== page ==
AAC, MTCC Announce Flash Call for Art Inspired by ‘The Green Book’

Featured Image Photo of a Mother, Father and child Standing by a Car, 1948-1970s. Rev. Henry Clay Anderson. Collection of the Smithsonian National Museum of African American History and Culture. (c) Smithsonian National Museum of African American History and Culture.
AAC, MTCC Announce Flash Call for Art Inspired by ‘The Green Book’
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Arkansas Arts Council
Posted
Friday, July 02nd 2021
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Arkansas Art Arkansas Artists Arkansas Heritage Arkansas History Art History Green Book

Arkansas artists are invited to submit artwork related to or inspired by “The Negro Motorist Green Book” exhibition at Mosaic Templars Cultural Center for the opportunity to have work selected for a permanent collection at the museum.  The deadline to submit work is July 16.

The Arkansas Arts Council and Mosaic Templars Cultural Center encourage artists statewide to tell the story of “The Green Book” in Arkansas. The program seeks visual artworks related to “The Green Book” that invoke and evoke emotions, capture historical moments and tell stories that highlight personal connections to the past and present-day life.  

Artists may submit a value for each of their submitted works. Up to three artworks may be submitted per artist. Artwork may be in any style or medium but must be two dimensional and fit into a frame of  18 inches by 24 inches. Selected artworks will be housed and maintained at MTCC. 

Images of work may be submitted for free in a jpg format (400K or less) via email at [email protected] The deadline for submission is 5 p.m. Friday, July 16. Purchase awards will be granted through the Arkansas Arts Council with work chosen by a panel of jurors from Mosaic Templars Cultural Center. Selected artwork must be delivered to MTCC by Saturday, July 24. Artwork must be matted or mounted to fit a 18-inch-by-24-inch frame, which will be provided by MTCC. Please include ¼-inch backing board with the artwork.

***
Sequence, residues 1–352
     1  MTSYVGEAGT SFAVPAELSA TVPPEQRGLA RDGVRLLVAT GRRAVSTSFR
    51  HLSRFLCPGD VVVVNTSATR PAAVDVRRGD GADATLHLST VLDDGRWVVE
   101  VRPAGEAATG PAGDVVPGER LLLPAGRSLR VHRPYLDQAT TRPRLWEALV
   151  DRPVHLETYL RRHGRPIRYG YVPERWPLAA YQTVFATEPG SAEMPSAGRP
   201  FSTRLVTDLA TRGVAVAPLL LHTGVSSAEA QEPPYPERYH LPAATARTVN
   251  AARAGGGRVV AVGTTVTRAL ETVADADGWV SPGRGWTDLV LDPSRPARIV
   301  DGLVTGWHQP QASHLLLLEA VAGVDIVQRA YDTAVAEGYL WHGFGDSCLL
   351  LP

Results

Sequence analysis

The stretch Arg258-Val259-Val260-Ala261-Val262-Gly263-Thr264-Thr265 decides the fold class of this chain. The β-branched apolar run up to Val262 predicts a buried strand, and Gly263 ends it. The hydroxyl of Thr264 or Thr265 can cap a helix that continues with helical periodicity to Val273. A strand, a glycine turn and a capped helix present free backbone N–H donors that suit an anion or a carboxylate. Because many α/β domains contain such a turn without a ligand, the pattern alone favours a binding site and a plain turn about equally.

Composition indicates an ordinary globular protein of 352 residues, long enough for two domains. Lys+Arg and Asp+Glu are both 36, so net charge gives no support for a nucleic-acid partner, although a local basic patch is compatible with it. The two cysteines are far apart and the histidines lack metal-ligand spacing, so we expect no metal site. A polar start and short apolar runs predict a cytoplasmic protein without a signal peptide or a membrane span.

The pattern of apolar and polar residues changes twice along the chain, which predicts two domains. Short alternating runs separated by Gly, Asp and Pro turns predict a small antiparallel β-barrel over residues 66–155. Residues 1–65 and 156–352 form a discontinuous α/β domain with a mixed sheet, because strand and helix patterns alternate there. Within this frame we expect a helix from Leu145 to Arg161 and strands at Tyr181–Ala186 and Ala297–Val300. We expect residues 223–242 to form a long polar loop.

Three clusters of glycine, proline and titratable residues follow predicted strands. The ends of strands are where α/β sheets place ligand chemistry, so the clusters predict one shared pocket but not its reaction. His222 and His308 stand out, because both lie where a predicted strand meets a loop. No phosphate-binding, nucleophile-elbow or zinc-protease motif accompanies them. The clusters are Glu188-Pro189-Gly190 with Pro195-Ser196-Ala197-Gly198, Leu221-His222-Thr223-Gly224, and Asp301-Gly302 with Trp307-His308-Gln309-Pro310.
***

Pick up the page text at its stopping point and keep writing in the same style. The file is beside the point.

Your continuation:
The exhibition, “The Negro Motorist Green Book,” is at Mosaic Templars Cultural Center through Aug. 1. Selected artworks will be displayed in part of the museum with the exhibition during the last week of July. For more information, email [email protected].  

About “The Negro Motorist Green Book” 

 

 

Started in 1936 by Harlem postman Victor Green, “The Negro Motorist Green Book” was a guide published over three decades that helped African Americans travel the country safely, and with dignity, during a time of Jim Crow laws and segregation. “The Green Book” was also an indispensable resource for the era’s successful Black-owned businesses and rising African American middle class. 

 

“The Negro Motorist Green Book,” an exhibition developed by the Smithsonian Institution Traveling Exhibition Service (SITES) in collaboration with award-winning author, photographer and cultural documentarian, Candacy Taylor, offers an immersive look at the reality of travel for African Americans in mid-century America and how the annual guide served as an indispensable resource for the nation’s rising African American middle class and evidence of a vibrant business class. “The Negro Motorist Green Book” is made possible through the support of Exxon Mobil Corp. 

About Mosaic Templars Cultural Center 

 

 

The Mosaic Templars Cultural Center, a museum of Arkansas Heritage, is dedicated to preserving, interpreting and celebrating African American history and culture in Arkansas. Arkansas Arts Council, Arkansas Historic Preservation, Arkansas Natural Heritage Commission, Arkansas State Archives, Delta Cultural Center, Historic Arkansas Museum and Old State House Museum are also parts of Arkansas Heritage, a division of the Arkansas Department of Parks, Heritage and Tourism. 

 

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